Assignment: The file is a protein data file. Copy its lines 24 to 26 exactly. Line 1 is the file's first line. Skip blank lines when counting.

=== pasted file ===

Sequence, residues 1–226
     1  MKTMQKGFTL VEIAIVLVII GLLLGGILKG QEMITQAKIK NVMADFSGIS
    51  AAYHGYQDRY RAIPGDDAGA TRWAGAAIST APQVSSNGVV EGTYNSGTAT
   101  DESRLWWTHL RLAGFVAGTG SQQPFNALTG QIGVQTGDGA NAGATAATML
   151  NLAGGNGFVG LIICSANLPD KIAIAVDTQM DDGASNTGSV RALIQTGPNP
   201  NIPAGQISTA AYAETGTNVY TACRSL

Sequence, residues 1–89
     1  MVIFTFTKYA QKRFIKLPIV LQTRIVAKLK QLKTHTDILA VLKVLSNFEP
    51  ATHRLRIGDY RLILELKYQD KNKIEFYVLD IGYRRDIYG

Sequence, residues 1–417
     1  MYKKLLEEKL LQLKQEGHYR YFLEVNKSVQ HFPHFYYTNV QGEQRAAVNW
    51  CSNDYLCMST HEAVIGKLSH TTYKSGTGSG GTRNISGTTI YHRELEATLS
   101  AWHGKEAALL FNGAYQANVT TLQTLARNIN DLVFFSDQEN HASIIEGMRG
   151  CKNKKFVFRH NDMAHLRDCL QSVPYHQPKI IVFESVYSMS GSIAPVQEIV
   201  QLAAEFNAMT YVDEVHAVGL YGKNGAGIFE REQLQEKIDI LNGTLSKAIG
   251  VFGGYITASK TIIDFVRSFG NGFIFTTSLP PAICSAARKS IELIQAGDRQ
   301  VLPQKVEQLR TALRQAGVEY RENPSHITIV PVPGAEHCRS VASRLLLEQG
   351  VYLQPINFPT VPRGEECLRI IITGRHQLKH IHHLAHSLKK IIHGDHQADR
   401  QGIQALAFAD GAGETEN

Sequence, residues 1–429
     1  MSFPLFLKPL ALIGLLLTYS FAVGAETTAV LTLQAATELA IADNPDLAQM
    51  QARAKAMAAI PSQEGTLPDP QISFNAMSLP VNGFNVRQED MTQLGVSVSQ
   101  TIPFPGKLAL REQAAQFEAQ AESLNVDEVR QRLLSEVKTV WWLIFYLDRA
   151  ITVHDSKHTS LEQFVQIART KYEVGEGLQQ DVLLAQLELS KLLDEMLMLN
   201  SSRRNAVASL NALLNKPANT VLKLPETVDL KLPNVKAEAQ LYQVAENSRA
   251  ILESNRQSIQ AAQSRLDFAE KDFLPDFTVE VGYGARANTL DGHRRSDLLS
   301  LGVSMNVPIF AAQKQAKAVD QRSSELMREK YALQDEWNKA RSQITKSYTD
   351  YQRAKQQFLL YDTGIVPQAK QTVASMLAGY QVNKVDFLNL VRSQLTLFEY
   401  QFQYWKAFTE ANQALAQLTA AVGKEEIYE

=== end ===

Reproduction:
   151  ITVHDSKHTS LEQFVQIART KYEVGEGLQQ DVLLAQLELS KLLDEMLMLN
   201  SSRRNAVASL NALLNKPANT VLKLPETVDL KLPNVKAEAQ LYQVAENSRA
   251  ILESNRQSIQ AAQSRLDFAE KDFLPDFTVE VGYGARANTL DGHRRSDLLS